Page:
“Na jaane kyon / hota hai yeh zindagi ke saath / achaanak yeh man / kisi ke jaane ke baad / kare phir uski yaad / chhoti chhoti si baat / na jaane kyon!”
Today is my mother's second death anniversary - is it so long since Amma hasn't been around? Can't believe - because she keeps coming to mind ever so often! She had her idiosyncrasies, alright. Who doesn’t? Looking back, they seem trivial in comparison to all her positive traits. In fact I am proud to admit that I have imperceptibly imbibed some of them.
Amma’s most admirable trait was her total honesty. She was true to her conscience and so never hesitated to wear her heart on her sleeve and was never afraid of anyone. I remember I was scared of her as a kid – why, even after marriage! I’m glad about that as it has helped in moulding my personality! I learnt that if she would not approve of something, I was in the wrong. It was as simple as that – I had a very dependable touchstone – but I wasn’t aware of it then! I learnt to be conscientious like her but not outspoken.
Another trait I’ve imbibed from Amma is her sense of fairness and equal distribution. It was apparent even in day-to-day trivialities. Don’t laugh – take the instance of dessert-sharing at home - if mangoes were cut and offered on a large common plate for everyone to dig into – the smarter and faster ones would get a greater share. Amma would never allow that. She would neatly peel (she loved to do it) some half a dozen mangoes as we’d patiently sit around and wait and watch. Each mango would then be cut into equal-sized pieces and carefully divided into five equal parts. This would be repeated with all the mangoes. Each of us would get a mound of those pieces on separate plates – this way every one of us would get an equal taste of every mango. A small incident but enough to instill fairness and justice and also the habit of sharing in us kids.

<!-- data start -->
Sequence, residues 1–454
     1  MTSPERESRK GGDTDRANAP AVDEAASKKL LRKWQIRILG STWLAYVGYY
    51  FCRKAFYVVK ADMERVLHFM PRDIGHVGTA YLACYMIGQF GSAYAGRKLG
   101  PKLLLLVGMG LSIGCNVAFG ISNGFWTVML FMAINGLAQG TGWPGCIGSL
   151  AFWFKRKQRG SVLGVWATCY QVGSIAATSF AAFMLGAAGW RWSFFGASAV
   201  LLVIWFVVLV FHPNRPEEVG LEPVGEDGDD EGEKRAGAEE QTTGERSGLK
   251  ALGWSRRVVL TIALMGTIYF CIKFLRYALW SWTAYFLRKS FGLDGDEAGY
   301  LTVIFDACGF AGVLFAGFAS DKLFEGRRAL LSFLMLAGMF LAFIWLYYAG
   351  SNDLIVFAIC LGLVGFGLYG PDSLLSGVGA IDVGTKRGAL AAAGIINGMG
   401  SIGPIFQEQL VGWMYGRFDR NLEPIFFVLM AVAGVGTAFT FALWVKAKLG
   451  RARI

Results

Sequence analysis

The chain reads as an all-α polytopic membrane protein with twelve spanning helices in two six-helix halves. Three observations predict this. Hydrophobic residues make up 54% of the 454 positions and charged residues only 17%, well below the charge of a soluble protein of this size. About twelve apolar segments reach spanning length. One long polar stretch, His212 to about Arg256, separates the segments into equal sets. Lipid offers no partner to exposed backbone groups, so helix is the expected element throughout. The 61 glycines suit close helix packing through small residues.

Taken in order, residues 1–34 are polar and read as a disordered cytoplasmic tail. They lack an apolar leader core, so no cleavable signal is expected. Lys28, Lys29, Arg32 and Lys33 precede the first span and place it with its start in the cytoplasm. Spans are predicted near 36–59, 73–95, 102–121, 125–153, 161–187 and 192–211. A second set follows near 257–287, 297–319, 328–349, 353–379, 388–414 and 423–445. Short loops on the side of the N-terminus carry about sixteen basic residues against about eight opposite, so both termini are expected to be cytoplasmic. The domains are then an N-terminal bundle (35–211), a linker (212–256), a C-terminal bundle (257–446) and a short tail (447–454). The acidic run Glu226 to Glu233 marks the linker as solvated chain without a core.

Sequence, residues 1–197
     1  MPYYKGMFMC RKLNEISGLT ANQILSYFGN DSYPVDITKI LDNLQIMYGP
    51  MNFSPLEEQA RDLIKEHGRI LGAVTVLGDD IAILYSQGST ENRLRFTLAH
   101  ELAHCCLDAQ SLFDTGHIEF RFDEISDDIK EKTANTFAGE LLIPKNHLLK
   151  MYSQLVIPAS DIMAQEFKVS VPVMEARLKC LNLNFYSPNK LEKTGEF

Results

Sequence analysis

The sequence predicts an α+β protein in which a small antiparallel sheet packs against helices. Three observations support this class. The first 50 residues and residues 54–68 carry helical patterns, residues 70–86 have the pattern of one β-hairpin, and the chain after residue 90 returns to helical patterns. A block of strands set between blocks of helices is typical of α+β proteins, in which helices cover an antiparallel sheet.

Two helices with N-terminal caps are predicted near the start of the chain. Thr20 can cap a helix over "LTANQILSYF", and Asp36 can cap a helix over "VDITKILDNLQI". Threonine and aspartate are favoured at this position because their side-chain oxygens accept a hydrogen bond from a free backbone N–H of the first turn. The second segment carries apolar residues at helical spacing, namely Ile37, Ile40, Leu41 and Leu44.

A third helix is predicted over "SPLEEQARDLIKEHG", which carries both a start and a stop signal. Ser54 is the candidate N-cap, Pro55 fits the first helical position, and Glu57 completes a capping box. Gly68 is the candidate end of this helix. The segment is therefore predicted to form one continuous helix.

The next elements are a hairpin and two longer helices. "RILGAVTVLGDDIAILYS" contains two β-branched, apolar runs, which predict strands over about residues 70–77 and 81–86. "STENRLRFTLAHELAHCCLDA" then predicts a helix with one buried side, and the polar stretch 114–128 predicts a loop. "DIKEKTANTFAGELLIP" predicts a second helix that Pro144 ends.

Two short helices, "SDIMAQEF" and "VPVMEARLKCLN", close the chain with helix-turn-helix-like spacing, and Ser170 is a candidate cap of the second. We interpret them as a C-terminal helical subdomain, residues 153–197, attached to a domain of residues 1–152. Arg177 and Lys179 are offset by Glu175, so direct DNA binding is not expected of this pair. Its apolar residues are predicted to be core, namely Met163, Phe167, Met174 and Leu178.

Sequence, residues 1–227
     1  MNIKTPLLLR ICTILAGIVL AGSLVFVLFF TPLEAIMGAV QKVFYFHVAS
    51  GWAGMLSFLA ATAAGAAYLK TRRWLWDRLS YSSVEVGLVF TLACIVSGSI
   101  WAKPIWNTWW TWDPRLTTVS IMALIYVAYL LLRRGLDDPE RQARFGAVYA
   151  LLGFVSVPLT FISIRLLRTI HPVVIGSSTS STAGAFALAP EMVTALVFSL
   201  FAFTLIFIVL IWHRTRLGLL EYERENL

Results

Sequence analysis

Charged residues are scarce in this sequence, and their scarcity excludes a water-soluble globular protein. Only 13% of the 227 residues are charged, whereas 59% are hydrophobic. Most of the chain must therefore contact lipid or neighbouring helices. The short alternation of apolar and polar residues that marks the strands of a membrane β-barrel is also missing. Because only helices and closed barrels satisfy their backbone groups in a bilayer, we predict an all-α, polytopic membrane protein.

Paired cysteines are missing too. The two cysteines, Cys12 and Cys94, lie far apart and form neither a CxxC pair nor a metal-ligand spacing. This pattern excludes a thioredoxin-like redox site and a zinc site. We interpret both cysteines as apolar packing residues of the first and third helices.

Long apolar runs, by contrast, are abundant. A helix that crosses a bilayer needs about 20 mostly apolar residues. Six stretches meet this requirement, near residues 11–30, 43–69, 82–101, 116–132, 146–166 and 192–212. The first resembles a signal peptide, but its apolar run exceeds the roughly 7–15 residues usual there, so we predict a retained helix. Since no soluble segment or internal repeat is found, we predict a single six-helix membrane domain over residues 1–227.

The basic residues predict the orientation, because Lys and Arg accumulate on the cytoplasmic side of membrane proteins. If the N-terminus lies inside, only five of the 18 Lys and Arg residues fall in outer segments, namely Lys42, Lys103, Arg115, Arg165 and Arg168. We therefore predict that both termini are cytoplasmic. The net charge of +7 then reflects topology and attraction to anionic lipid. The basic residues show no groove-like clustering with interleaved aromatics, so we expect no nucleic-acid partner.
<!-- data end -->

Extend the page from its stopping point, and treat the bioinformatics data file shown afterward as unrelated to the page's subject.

Amma knew the value of hard-earned money and would never part with an extra rupee unnecessarily. She’d bargain with everyone – right from the vegetable vendor to the jeweler and emerge winner at the end. We’d be secretly happy with the outcome but couldn’t condone the waste of time and energy. I also don’t let myself be taken for a ride by shopkeepers / vendors but expend every penny judiciously with the typical middleclass mentality. I am happy to admit that I too am ‘money-savvy’ – no, no, not in the way you imagine – I don’t go in for stocks and shares for greater returns but manage my funds in the most conservative way – like my parents, I believe it is better to be safe than sorry! I believe in conserving money without affecting the quality of life.
Amma was the daughter, daughter-in-law, wife and mother-in-law - of civil engineers. So her interest in the construction aspect of house/apartment was natural. For the housewife that she was, it was surprising to listen to her discussing the ‘built-in area of a flat or dimensions of each room. Out of the blue, she would ask, “What’s the size of your master bedroom?” and I’d be groping for an answer. The height was when we had all gone flat-hunting for her and she posed the question, “What’s the size of this room?” Embarrassed, we curtly told her, “You can see it, ma, how big it is.” But she insisted on the blueprint of the flat – we found it funny then but she did have a point there – she needed to study it carefully and make a thorough analysis before taking the plunge. This speaks volumes about her caution.